A Pied-piper of the blues world, Mark Harrison weaves stories through his music, conjuring an intimate conversation between artist and listener.
It seems he’s of the camp that music belongs to everyone - not just the musician but to the people. And it’s a style audiences can expect to see at his gig in Barnoldswick next week. During shows, which he injects with humour, Mark explains the context and meanings of his songs, further embedding audiences in a dialogue with his music.
Through song-writing, he said: “You can tell a story about life. I’m not trying to put out my own personal emotions. I’m not writing about myself but pointing things out about the world. It’s more an observation or thoughts about what life is like.”
As an artist, he lives by the philosophy that “there are some simple truths” in life. He sees his job as laying out these truisms in a fresh way to recharge their effect in our minds.
“No-one wants to hear the philosophical,” he added. “The opening line needs to strike a chord and make you think about it. I try to write lyrics that might be interesting to people and which they might get something from.”
He isn’t an expressionist - communicating his inner world isn’t his thing - instead he looks outwards to society, communities and the way we live. And he isn’t afraid to take on weighty topics like World War Two and economics.
“Some of my songs are about attitudes to life and how we behave. There is a moral tone to some of them while others are straight on stories about history.”
Looking back on the past - and his musical heritage - is certainly of importance to him, some of his tracks exploring the history of the blues. Among his key influences are Sonny Boy Williamson, Skip James, Mississippi John Hurt and Eric Bibb.
“The thing I got from them is that you can make a powerful sound - a proper band sound - just from finger-picking [on the guitar]. That was a revelation to me.”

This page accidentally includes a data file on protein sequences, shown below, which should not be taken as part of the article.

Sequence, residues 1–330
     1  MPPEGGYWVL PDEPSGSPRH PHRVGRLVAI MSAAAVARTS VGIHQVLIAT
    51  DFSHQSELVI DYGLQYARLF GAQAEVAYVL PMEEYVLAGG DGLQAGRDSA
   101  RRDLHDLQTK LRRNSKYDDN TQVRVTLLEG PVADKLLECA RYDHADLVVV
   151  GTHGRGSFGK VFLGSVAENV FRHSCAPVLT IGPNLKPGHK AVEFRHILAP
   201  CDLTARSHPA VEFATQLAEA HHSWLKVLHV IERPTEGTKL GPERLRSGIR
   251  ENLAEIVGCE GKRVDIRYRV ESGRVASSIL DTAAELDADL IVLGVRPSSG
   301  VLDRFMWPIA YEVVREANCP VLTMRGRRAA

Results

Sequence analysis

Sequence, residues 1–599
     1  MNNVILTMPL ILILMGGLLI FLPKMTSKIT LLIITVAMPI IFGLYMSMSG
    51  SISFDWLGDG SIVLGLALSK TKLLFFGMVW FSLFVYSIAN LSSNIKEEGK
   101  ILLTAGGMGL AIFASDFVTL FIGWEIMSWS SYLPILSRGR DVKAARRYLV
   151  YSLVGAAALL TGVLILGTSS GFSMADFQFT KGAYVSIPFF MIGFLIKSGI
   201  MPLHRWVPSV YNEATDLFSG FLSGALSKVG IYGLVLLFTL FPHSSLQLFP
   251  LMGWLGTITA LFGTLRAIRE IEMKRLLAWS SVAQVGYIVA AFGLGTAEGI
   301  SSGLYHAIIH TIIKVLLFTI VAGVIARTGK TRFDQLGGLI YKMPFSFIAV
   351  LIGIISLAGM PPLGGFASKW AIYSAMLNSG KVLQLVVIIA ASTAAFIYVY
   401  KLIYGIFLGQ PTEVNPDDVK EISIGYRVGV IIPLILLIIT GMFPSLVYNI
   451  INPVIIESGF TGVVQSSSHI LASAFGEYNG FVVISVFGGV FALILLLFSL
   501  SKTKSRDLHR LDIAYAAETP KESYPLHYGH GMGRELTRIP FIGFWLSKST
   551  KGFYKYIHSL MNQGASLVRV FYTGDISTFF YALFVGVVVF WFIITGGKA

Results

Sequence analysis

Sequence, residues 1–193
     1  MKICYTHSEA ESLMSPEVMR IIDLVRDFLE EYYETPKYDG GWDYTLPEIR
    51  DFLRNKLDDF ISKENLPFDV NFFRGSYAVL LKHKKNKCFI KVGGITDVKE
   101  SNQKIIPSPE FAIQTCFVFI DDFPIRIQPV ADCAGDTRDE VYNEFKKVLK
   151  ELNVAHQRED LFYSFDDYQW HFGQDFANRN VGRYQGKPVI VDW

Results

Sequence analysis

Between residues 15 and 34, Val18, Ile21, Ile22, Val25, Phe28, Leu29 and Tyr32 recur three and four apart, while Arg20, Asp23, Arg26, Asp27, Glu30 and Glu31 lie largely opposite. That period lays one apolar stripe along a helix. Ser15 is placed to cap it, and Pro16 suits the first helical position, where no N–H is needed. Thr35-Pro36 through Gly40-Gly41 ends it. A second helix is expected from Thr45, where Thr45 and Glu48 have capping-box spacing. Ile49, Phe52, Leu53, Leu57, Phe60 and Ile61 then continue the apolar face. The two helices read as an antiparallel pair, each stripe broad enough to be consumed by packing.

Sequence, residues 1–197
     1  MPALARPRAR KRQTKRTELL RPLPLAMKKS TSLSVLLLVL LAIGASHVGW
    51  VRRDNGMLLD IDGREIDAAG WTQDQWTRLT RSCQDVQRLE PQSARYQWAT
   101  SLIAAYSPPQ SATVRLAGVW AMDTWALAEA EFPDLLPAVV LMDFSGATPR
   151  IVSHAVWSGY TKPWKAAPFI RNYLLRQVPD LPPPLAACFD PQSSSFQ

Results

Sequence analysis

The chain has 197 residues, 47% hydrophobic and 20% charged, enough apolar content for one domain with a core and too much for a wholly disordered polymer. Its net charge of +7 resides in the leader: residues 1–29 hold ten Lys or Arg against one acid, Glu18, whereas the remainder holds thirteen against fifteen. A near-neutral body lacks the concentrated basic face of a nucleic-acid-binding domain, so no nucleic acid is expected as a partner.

But while he might find his roots anchored in this genre, Mark is more interested in recharging the pulse of blues with a fresher beat.
“If you’re in folk music, you could talk about preserving English and Celtic heritages,” he said. “Blues was one type of music that hadn’t moved on.
“My stuff is based on the original acoustic stuff of the 1920s and ’30s but I’m not primarily in the blues circuit. For me, it’s about taking the style, sound and atmosphere and doing something new with it. I’m not interested in preserving [traditions].”
This drive to create something at once familiar yet distinctive reflects the twofold opportunities that song-writing offers. While he might explore the outer world through his lyrics, he sees melody-writing as an expression of his individuality. He came to discover this dichotomy in a unique way: buying a guitar, he attempted to play the songs of the great blues forefathers; but in want of lessons or knowledge of tabs and video tutorials, instead he created new melodies, making them up as he went along, ultimately writing his own tracks.
“Music has to mean complete individuality,” he said. “I haven’t copied anyone and can only play my own songs. It’s about saying something different that means something to people. I’m not navel-gazing. It’s not an ego thing - it’s not about attention-seeking. It’s a way to do something completely natural and be yourself.”
This organic approach feeds into his comical live performances.
“Dry humour is normal to me. Most other people are not themselves. [For them] it’s an act. If you talk to me before and during the performance, you won’t see any difference.”
“I don’t play it as an act,” he said. “I’m just being myself in music.”
It’s a style Mark’s looking forward to bringing to audiences in Barnoldswick.
“They can expect all original songs in a unique style,” he added, “and I’ll say plenty of things that are connected [to the songs] and make you think.”
The show will take place at Barnoldswick Music & Arts Centre, 18 - 22 Rainhall Road, on Saturday, April 8th, starting at 8pm.
Tickets are £10 plus a £1.75 booking fee and can be purchased on 01282 813 374 or 07757 379561.